Most homeowners enjoy a thick, green lawn, and as the weather gets warmer, keeping that lawn green and clean will get more challenging. Too much water can leave a lawn susceptible to disease, while too little water makes it dry and brown. Soil-borne insects such as grubs can eat the roots, and weeds can make the lawn look unkempt. Many homeowners feel the only way to solve these issues are with loads of chemicals.
Are insecticides and herbicides necessary to have beautiful, lush grass? No. Yet grass—whether in a residential neighborhood or in the expanse of a golf course—has been criticized as “high maintenance.” Many homeowners irrigate their lawns almost daily and often exceed recommended rates of fertilizer and pesticides. Most homeowners want to replicate the golf course look to their landscape without really understanding how their landscape should be managed differently. Since golf courses need to meet the PGA’s strict requirements for turf quality, they typically receive higher doses of fertilizer and pesticides and are irrigated frequently during the summer months.
However, several golf course superintendents are discovering that integrated pest management, or IPM, not only reduces the amount of water and chemicals that need to be added to the turf, but it can also result in healthier turf. San Francisco’s Harding Park and North Carolina State University’s Lonnie Poole golf courses are two environmentally-friendly golf courses that have met the strict requirements of the PGA without the high inputs of chemicals.
When properly maintained, turf benefits water quality because it acts as a filter for silt, excess nutrients, and other contaminants. Superintendents at the Harding Park and the Lonnie Poole, as well as homeowners who maintain their lawns through use of IPM, recommend the following practices for a safe and healthy, low-maintenance lawn:
Test your soil
Soil tests, available for little or no cost in most states, can predict possible problems a homeowner may face. Most soil tests indicate the balance of nutrients available in the soil, and recommend ways to correct soil that is improperly balanced. Balancing the soil before planting will reduce the amount of fertilizer required to keep the grass healthy later.
Many landscape specialists tell homeowners to “walk the property” several times a week. Check for brown spots or holes, indicating possible soil pests, and keep an eye on those spots. Standing water or soggy areas can invite disease and insect problems. Pull or mow weeds before they become numerous. Treating problems while they are small saves time and money.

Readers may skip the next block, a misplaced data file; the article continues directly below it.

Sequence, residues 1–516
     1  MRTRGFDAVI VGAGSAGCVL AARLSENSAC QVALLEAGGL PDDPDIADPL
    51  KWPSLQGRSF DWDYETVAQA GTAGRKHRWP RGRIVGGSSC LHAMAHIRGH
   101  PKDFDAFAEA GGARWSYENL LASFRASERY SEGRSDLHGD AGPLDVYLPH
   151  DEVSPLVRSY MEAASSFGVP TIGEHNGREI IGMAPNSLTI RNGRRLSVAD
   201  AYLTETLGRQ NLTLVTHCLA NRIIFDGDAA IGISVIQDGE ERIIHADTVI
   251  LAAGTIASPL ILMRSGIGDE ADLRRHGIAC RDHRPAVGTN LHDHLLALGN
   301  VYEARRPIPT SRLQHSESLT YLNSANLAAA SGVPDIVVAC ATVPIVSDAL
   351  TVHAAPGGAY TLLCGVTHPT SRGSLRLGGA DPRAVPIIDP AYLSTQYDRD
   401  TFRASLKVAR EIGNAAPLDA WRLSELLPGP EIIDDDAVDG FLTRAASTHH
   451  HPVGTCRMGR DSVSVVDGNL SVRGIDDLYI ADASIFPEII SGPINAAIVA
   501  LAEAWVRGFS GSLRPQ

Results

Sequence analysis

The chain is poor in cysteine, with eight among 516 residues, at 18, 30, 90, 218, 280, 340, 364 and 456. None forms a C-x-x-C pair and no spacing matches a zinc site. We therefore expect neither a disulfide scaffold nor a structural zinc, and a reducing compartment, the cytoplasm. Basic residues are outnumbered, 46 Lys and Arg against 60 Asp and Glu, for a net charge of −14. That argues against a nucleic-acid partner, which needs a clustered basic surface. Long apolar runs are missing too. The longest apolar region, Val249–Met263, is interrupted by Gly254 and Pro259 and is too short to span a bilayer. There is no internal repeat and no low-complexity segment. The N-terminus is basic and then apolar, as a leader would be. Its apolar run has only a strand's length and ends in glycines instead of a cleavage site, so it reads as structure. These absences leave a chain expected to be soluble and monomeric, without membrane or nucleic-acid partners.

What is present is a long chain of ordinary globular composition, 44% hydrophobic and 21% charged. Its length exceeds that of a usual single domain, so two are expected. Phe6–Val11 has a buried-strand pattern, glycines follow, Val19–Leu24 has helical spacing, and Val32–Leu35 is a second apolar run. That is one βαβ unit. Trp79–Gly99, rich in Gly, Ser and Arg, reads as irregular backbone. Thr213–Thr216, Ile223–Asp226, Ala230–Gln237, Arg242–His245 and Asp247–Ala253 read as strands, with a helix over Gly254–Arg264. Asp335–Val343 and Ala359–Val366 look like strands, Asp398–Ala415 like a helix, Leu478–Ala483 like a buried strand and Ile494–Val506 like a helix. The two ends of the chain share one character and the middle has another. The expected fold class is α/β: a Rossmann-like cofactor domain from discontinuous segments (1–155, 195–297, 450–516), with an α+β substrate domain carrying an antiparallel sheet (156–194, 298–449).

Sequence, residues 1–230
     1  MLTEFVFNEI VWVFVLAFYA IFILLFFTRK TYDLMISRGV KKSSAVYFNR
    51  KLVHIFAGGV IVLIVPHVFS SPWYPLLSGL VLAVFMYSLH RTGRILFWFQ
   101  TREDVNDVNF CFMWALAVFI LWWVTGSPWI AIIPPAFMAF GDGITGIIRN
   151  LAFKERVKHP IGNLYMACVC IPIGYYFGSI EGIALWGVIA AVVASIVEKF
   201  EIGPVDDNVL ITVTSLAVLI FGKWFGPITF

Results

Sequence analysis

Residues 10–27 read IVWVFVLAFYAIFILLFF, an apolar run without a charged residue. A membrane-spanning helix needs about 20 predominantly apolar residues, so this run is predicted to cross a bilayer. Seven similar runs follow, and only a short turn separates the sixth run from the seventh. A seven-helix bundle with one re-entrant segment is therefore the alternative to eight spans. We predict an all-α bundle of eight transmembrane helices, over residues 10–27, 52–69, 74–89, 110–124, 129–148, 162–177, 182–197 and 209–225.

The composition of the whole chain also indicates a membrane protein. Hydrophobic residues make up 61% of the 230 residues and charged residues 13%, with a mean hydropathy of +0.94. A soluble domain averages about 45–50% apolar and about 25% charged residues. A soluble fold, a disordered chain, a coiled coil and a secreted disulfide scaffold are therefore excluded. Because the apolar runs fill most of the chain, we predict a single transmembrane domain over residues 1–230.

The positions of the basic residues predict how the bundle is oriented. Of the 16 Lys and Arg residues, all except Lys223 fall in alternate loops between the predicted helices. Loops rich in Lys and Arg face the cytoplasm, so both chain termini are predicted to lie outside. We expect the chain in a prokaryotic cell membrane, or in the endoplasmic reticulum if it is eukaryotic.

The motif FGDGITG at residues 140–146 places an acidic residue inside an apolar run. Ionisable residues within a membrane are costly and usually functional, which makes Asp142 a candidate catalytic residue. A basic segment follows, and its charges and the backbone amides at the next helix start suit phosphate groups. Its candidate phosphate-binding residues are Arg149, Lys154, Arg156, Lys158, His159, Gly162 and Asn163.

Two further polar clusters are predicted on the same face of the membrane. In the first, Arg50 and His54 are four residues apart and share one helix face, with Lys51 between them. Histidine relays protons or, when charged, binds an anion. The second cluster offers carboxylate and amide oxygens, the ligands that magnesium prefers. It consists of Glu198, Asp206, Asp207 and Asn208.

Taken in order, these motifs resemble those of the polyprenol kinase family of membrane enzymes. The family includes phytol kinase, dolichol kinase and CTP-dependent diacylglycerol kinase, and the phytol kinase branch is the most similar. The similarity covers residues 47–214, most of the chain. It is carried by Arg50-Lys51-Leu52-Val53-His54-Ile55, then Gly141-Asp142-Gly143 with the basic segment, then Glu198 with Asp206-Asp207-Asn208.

Timing is Everything
How many of us have seen sprinklers at an office park watering the grass during a rain shower? Overwatering weakens the roots, making grass more vulnerable to abiotic stresses (drought, heat, etc.) as well as biotic ones (diseases, insects, etc.). Water only during dry periods, watering “deeper” only once a week. “Some golf courses have water sensors to tell you when to water,” says Dr. Danesha Seth Carley, turfgrass physiologist at NC State University. “This technology is coming to homeowners as well!” The Clemson University Extension website has tips on how to tell when to water the lawn and how long to run the sprinklers. Most Cooperative Extension agencies will have resources regarding water usage and ways to use water wisely in your home lawn.
Conserve the Fertilizer
Fertilizing a warm-season lawn in October wastes fertilizer and money, since grass is preparing to go into its dormant season. Instead of applying a generous amount of fertilizer on the lawn twice a year, fertilize based on the results of a soil test and depending on the type of grass. Check your state Extension website for recommendations on fertilizing in your state. Also, be very careful to keep the fertilizer on your lawn and not on impervious surfaces – sidewalks and driveways – where it may run-off into storm drains becoming a potential pollutant.
Practice Good Mowing Techniques
Cut only the top one-third of the grass, and during dry periods, mow less often. Unless you live in a wet area, leave the grass clippings on the ground to provide mulch for the soil. During dry periods, frequent mowing can stress the grass and leave it vulnerable to pests and die-back.
Sharpen Mower Blade
When the cutting edge is dull, it actually tears the grass instead of slicing it. Torn grass blades make the plants more vulnerable to disease, sun damage, and insects. Generally, your mower blade should be sharpened at least twice a year. It may need more frequent sharpening depending on the size of your lawn, grass type, and how often you mow. Rotary mower blades should be sharpened and also balanced, to prevent damage to the mower. Reel mower blades are best sharpened by a professional mower repair service.
TurfFiles (North Carolina State University.)
This site contains information on native grasses, lawn care issues and more for North Carolina and surrounding states.
Solutions for Your Life: Groundcovers and Lawngrasses (University of Florida.)
This site offers information on variety selection and lawn establishment and maintenance in Florida’s unique environment.
Sharpening The Mower Blade (University of Florida.)
This site offers a Gardening in a Minute series with loads of information on how to maintain equipment and care for your landscape.
AggieTurf (Texas A&M University.)
This site contains grass and weed identification sections, an automated fertilizer rate calculator, control recommendations for insects, diseases and weeds, and volumes of other information about the care and maintenance of turf.